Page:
Kaigetsudō Anchi

Kaigetsudō Anchi (壊月堂 安知, active c. 1700–1716) was a Japanese artist of the Kaigetsudō school of ukiyo-e art. He was the student and likely the son of the school's founder, Kaigetsudō Ando.

Signature of Kaigetsudō Anchi
Courtesan of Edo, in outer garment decorated with ivy leaves, cherry blossom, fans and tasselled braids. Signed, sealed, marked and inscribed, c. 1711-1714

As is the case with most of the Kaigetsudō artists, the details of Anchi's life are almost completely unknown. His works, like those of other members of the school, are almost exclusively paintings, and of those almost all are of courtesans in exquisite kimono. His few woodblock prints are of the same subjects and style, and were likely a special commission. Though his works follow very much the distinctive style of Ando (and thus of the school as whole), Richard Lane points out that the attitude and emotion of the women in Anchi's works differs from those of his teacher. He writes, "whereas Ando's women can often pass for maidens of ladies of quality, Anchi's girls are manifestly courtesans, lovely but at the same time somehow predatory. They seem to be thinking only of themselves; most men would think twice before putting their love into such hands."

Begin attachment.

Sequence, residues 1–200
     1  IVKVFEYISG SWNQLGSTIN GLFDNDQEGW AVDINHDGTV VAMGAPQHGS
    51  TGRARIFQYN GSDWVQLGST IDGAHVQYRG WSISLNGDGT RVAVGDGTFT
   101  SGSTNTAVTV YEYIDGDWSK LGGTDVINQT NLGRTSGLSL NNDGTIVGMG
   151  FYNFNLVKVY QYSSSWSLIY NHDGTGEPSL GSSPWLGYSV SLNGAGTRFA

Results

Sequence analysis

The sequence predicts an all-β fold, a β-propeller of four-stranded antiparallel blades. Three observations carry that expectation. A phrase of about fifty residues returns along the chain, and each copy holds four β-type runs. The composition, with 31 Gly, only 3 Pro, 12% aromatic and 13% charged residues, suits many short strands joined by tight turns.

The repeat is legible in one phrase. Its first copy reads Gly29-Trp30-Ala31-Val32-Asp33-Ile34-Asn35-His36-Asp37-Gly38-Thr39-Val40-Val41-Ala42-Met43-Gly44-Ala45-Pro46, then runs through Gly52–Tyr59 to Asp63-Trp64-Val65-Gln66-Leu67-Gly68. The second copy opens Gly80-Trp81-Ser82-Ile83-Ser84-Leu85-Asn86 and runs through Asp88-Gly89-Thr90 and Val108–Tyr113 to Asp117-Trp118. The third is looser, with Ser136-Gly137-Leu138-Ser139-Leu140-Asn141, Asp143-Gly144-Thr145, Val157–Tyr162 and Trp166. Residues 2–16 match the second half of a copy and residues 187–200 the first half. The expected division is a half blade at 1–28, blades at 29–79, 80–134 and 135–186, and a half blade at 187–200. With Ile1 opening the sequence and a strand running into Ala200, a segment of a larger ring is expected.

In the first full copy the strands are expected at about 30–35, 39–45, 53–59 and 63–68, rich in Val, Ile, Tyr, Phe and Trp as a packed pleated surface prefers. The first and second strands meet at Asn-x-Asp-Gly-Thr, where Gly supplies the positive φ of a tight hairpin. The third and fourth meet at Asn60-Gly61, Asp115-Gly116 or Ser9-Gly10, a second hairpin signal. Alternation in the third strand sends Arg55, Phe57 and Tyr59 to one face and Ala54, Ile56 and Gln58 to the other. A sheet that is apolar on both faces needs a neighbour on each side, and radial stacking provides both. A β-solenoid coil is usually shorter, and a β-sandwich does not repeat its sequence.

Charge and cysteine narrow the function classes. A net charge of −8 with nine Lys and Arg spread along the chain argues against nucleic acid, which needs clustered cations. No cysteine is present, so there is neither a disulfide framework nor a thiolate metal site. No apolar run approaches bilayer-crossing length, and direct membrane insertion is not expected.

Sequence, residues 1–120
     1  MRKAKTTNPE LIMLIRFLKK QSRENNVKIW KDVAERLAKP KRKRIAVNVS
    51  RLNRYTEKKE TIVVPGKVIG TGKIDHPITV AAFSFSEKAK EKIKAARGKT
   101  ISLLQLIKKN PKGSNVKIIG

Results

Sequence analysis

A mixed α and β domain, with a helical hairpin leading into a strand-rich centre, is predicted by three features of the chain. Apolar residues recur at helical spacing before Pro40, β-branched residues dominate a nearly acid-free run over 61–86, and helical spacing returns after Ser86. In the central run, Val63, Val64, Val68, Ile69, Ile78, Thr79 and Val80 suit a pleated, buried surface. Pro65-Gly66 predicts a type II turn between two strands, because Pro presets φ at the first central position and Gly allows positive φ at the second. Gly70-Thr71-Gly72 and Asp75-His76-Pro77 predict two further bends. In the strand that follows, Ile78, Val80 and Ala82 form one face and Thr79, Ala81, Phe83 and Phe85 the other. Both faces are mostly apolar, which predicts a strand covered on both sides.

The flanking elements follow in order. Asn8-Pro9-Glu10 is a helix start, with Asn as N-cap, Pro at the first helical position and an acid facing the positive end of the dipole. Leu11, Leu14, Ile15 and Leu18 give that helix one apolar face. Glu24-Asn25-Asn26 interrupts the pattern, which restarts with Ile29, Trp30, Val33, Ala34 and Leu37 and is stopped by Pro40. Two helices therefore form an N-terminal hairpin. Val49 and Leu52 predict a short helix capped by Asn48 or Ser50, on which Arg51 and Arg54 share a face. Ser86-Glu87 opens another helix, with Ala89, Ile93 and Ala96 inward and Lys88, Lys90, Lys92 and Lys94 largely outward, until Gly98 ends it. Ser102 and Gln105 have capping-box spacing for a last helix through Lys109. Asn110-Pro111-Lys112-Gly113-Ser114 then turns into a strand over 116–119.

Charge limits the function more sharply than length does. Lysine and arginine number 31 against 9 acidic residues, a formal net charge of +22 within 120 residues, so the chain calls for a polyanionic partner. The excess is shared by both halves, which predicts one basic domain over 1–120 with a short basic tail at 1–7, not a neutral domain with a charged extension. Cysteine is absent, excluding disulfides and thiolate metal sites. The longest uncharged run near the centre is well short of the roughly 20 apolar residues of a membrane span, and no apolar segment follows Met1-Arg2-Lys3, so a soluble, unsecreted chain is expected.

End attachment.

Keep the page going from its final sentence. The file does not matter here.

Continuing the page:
• Lane, Richard. (1978). Images from the Floating World, The Japanese Print. Oxford: Oxford University Press. ISBN 9780192114471; OCLC 5246796